A review of Jane Slayre, a literary mash-up with bite
I’m all for mashing up literary classics and reanimating them with some humour and a little horror. Fill their pages with vampires, zombies, mummies or androids, it does them no harm. Pride and Prejudice, Jane Eyre, Sense and Sensibility, they’ve stood the test of time and can certainly weather a little humorous parody, especially as the current enthusiasm for literary mash-ups strikes me as a passing fad. Once the idea of the mash-up has been established, there isn’t much scope for ongoing originality and the novelty of encountering the unexpected in the familiar pages of a literary classic will wear thin as it becomes the norm.
Which probably explains why there has been an explosion of literary mash-ups in the last twelve months as authors and publishers ride the wave. The fad took off last year with Seth Grahame-Smith’s Pride and Prejudice and Zombies, and now includes Little Vampire Women, Mansfield Park and Mummies, Sense and Sensibility and Sea Monsters amongst others, and my favourite title for witty originality, Android Karenina. If Grahame-Smith can be said to have kicked the whole thing off, the benchmark has been set with Jane Slayre, Sherri Browning Erwin’s affectionately irreverent parody of Charlotte Brontë’s Jane Eyre.
For parody to work well, the perpetrator needs to understand what they’re setting out to send up. When applied to a literary classic the least that is required is an appreciation of the language of the original, but perhaps more important is a sensitivity to the interplay of aesthetic, moral, historical and cultural influences which gave birth to the original novel. A great parody doesn’t simply reflect the original, it reveals something hidden beneath its surface.
So much for the theory. If you’re familiar with any of the novels in the literary mash-up fad, you’ll know that they are a long way from being great parody. To be fair to the authors, I don’t think they set their sights so high. Mostly the mash-up takes the original plot and setting and simply slots in something supernatural or unexpected. At its best, and Jane Slayre is probably that, the mash-up handles the original material with great skill and dexterity so that when the unexpected is introduced it convinces.
Jane Slayre sticks closely to the plot of Brontë’s novel, with Jane narrating her life from early childhood at Gateshead as the orphaned ward of an abusive aunt. Erwin’s Jane, with her Buffy inspired pun of a surname, is a Slayre and slaying the undead is in her blood. Her cruel aunt is a vampire and really only kept from eating the child through a preference for more aristocratic blood. Life at Gateshead is miserable and pointless until the ghost of Jane’s uncle urges her to find others of her kind and learn the slayer ways.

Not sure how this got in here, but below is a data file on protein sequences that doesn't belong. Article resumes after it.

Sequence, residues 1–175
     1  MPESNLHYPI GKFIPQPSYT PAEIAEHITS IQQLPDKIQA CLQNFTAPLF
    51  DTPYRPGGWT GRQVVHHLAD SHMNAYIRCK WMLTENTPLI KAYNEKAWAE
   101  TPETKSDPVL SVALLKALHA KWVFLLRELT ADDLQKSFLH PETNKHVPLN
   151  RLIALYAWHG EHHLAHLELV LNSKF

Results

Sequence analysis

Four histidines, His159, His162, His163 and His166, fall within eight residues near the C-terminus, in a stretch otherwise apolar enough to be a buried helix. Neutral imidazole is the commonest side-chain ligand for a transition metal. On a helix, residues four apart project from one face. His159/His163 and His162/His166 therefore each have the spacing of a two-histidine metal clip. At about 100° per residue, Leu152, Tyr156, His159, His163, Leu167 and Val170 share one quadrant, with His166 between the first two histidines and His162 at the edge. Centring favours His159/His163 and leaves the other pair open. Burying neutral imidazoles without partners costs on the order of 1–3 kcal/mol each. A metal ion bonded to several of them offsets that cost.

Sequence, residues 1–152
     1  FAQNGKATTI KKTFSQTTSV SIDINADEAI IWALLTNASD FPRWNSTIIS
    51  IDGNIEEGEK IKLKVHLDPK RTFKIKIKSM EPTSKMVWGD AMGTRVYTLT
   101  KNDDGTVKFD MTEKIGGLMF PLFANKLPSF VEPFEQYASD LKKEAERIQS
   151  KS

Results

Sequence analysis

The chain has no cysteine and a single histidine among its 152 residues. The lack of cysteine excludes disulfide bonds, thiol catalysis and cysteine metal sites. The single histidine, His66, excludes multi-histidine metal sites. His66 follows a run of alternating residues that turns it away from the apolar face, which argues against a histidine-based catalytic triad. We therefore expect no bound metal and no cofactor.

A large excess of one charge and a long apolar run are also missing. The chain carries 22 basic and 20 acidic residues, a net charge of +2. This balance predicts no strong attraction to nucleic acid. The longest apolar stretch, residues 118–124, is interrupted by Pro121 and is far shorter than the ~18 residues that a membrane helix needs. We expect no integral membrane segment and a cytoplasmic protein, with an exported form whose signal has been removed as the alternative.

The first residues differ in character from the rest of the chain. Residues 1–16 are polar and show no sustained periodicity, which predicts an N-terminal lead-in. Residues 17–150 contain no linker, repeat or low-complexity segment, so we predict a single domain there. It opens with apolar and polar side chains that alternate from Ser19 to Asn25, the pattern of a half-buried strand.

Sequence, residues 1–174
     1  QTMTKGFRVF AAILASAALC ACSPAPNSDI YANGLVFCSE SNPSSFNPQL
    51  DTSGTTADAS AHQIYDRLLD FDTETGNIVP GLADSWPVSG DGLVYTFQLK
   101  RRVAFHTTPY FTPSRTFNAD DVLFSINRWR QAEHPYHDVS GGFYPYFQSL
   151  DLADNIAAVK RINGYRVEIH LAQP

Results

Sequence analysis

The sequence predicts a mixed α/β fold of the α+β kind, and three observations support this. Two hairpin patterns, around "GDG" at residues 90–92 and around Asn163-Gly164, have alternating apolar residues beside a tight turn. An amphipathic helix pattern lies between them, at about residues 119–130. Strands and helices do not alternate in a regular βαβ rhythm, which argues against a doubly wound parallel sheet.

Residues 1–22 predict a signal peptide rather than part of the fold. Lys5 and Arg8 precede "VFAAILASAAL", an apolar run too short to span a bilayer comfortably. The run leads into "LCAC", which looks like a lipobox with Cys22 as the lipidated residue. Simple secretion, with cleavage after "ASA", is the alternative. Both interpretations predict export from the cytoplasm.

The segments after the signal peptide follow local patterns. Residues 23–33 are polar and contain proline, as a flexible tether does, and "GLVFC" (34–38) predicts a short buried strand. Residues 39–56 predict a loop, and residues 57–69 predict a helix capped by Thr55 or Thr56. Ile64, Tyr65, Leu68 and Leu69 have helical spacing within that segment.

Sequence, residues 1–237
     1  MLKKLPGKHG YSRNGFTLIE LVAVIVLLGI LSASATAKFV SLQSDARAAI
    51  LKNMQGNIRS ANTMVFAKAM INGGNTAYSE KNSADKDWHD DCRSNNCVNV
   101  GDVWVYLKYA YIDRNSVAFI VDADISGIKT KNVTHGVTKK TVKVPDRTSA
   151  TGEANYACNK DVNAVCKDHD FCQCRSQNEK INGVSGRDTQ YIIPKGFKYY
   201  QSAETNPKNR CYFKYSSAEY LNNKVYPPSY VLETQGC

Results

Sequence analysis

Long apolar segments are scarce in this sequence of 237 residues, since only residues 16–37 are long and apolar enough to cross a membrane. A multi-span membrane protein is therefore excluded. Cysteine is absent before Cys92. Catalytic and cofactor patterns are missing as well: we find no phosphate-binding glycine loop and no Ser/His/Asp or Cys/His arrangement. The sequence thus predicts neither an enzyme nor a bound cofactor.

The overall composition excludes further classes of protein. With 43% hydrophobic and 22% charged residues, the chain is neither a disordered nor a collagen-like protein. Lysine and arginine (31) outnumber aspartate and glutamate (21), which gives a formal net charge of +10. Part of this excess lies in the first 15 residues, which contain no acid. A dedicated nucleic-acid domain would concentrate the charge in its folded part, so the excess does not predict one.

Sent away to Lowood boarding school Jane discovers that her headmaster is reanimating dead students to be trained for domestic service, and driven by her Slayre instincts and heartfelt compassion Jane beheads her zombified friends, liberating their souls and discovering her true vocation. With time she takes a job as a governess at a country estate where love blossoms with her employer, the brooding Edward Rochester, but a terrible secret locked away in his heart (and the attic) is revealed on their wedding day: he is already married. To a werewolf. Jane runs away to pursue her destiny, but looking to the day when she can return and liberate Edward from the terrible burden of a lycanthropic wife.
For the most part I thoroughly enjoyed Erwin’s novel. Not only is she an accomplished writer, but she demonstrates a good appreciation of Brontë’s novel, a mastery of its language and its aesthetic. For the first hundred or so pages Erwin sustains the novelty and humour of introducing the undead into Brontë’s dignified universe and for a while at least the supernatural is a seamless inclusion in Jane’s world.
But Erwin’s novel is just shy of 400 pages and the weakness of the genre eventually becomes apparent: it’s a one trick pony and the novelty does indeed wear thin. Episodes of the supernatural take on a predictable regularity and begin to feel increasingly as if they’re simply slotted in to Brontë’s novel.
I’m not a fan of the literary mash-up, not because I object to the premise but because there’s not enough scope for ongoing originality once that premise has been established. I’m unlikely to read many more in the genre but I would recommend Sherri Browning Erwin’s Jane Slayre as a great way to enjoy the best the genre currently has on offer.
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